Jennifer Puetzer, Ph.D., assistant professor in the Department of Biomedical Engineering at VCU College of Engineering, has been accepted as a National Institutes of Health (NIH) Interdisciplinary Rehabilitation Engineering Career Development Program (IREK12) scholar.
Puetzer, whose research focus is musculoskeletal tissue engineering, is investigating methods to improve tendon and ligament healing using engineered tissues and mechanical stimulation. She holds an affiliate appointment in the Department of Orthopaedic Surgery at the VCU School of Medicine.
Funded with a grant from the NIH, the IREK12 program was created by a consortium of nine leading institutions whose engineering and physical therapy programs provide exposure to experimental and clinical practice. It is led by training directors at Northwestern University, the University of California at Irvine, the Medical University of South Carolina, the University of Delaware and the Shirley Ryan AbilityLab.
The program centers on Movement and Rehabilitation Sciences research, which spans many disciplines including engineering, quantitative neuroscience and physiology and clinical sciences.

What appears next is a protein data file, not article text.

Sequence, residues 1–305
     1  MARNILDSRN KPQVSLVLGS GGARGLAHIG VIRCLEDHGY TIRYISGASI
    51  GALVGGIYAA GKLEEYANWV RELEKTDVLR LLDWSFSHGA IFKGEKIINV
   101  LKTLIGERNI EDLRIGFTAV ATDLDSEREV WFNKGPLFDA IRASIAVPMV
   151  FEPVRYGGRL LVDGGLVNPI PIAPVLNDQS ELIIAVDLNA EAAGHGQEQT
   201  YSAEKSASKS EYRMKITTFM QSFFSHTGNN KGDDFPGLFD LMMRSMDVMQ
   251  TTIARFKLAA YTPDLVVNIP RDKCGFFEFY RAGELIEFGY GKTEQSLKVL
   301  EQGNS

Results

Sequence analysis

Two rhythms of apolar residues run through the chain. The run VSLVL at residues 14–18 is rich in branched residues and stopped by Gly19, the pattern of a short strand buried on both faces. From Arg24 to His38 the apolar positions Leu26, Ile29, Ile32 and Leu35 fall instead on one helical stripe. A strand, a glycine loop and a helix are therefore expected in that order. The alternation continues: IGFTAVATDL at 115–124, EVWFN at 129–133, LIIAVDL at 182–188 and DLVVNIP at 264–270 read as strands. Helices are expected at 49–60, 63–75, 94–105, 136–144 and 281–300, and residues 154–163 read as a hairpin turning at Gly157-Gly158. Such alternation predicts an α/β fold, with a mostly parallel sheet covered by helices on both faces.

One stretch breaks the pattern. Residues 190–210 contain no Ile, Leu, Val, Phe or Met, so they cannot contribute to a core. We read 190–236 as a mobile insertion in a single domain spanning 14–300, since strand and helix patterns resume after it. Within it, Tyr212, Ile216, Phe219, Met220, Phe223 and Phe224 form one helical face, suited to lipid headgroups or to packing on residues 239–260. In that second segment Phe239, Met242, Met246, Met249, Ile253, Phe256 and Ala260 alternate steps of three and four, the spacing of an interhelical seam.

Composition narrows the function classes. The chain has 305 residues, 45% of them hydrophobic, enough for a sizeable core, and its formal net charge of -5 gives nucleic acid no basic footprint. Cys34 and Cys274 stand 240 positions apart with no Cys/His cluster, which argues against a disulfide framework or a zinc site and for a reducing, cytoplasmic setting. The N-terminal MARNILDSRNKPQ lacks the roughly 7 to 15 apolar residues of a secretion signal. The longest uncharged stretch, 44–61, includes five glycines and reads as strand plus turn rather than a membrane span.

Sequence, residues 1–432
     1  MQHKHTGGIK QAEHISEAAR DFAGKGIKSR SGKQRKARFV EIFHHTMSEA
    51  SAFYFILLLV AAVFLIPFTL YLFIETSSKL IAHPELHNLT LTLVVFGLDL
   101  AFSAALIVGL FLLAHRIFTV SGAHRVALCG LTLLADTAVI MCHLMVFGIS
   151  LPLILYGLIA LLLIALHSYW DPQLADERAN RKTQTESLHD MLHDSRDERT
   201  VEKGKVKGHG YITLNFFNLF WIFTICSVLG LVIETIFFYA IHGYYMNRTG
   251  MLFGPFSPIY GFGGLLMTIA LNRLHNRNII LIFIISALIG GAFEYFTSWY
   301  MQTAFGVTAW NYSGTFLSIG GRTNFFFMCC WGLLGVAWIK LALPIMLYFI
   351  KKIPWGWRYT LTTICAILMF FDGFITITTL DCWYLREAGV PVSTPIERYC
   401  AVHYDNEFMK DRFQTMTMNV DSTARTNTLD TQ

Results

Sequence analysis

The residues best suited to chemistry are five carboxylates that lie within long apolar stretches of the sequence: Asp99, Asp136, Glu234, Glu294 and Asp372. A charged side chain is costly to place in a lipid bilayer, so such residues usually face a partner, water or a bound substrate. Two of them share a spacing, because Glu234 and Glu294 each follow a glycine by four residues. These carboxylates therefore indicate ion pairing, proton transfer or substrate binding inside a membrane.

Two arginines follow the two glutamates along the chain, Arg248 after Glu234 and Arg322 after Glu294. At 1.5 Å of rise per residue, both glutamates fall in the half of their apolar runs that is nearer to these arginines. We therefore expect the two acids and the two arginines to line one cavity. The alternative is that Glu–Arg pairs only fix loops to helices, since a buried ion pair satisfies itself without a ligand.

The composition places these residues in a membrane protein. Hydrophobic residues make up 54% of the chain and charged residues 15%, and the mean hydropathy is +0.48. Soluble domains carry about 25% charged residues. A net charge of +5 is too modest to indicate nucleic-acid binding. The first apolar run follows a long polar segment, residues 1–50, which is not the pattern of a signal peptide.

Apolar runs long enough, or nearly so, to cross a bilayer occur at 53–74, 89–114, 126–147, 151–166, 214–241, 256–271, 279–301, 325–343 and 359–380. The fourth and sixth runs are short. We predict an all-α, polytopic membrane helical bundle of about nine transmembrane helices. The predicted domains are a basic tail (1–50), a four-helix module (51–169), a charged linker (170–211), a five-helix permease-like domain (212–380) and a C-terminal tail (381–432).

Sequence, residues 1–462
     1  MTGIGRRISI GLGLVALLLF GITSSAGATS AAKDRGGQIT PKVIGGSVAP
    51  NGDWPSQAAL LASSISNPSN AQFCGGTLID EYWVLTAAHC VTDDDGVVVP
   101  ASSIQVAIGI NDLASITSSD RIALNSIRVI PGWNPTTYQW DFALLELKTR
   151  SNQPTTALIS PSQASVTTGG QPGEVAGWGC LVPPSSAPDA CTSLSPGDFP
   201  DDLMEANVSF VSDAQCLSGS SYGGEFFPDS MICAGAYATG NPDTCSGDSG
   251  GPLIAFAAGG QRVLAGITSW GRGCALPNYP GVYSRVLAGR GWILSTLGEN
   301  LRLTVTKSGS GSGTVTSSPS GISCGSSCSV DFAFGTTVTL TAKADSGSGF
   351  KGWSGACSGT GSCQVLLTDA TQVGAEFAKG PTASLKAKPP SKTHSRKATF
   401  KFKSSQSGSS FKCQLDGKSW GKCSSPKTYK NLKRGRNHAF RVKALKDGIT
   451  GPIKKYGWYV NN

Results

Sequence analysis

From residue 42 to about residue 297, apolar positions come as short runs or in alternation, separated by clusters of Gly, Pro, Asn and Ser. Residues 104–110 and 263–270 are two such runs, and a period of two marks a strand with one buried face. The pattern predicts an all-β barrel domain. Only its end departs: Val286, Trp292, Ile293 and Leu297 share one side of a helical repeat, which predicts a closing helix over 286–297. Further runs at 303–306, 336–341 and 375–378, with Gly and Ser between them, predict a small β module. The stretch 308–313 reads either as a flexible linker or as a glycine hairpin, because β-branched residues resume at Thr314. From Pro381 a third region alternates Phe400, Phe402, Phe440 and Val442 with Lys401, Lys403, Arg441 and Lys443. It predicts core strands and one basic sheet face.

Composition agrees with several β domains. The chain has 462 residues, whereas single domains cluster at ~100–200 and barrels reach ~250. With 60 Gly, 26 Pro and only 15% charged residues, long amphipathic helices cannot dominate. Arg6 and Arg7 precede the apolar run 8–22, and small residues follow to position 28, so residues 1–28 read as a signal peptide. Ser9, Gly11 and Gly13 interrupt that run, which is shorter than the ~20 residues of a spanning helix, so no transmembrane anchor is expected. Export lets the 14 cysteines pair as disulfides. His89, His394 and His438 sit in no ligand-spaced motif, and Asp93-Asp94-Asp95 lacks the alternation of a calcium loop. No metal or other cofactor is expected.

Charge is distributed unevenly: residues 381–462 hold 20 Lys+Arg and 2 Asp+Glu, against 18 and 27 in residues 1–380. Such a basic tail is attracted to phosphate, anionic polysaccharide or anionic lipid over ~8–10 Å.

Along with mentorship from the consortium, Puetzer will have an engineering mentor and a clinical mentor at VCU to provide guidance in developing translational research at the intersection of these disciplines. Her engineering mentor is Henry J. Donahue, Ph.D., the Alice T. and William H. Goodwin, Jr. Professor and chair of the Department of Biomedical Engineering and co-director of the VCU Institute for Engineering and Medicine. Her clinical mentor is Peter Pidcoe, D.P.T., Ph.D., a professor and assistant chair in the Department of Physical Therapy in the College of Health Professions. Pidcoe also holds an appointment in the Department of Biomedical Engineering.
Puetzer’s lab is investigating how mechanical forces guide cells to create the underlying structure of tendons and ligaments. With a clearer understanding of that process, these forces can be better used in physical therapy to enhance healing.
“We are excited that Dr. Puetzer will have the opportunity to develop skills in translational research through this innovative interdisciplinary program. She is already recognized for her studies on basic mechanisms that are involved in tendon and ligament mechanics and regenerative medicine approaches to treating injuries to these tissues. With the mentorship provided by the IREK12 program, she will develop valuable skills for translating this knowledge into technologies that can be used clinically,” said Barbara D. Boyan, Ph.D., the Alice T. and William H. Goodwin, Jr. Dean of the VCU College of Engineering.
As a trained engineer and basic scientist, Puetzer said she was eager to gain more clinical training. “We’re interested in taking our basic science and bringing that to physical therapy to help with regeneration and repair of torn ligaments and tendons.”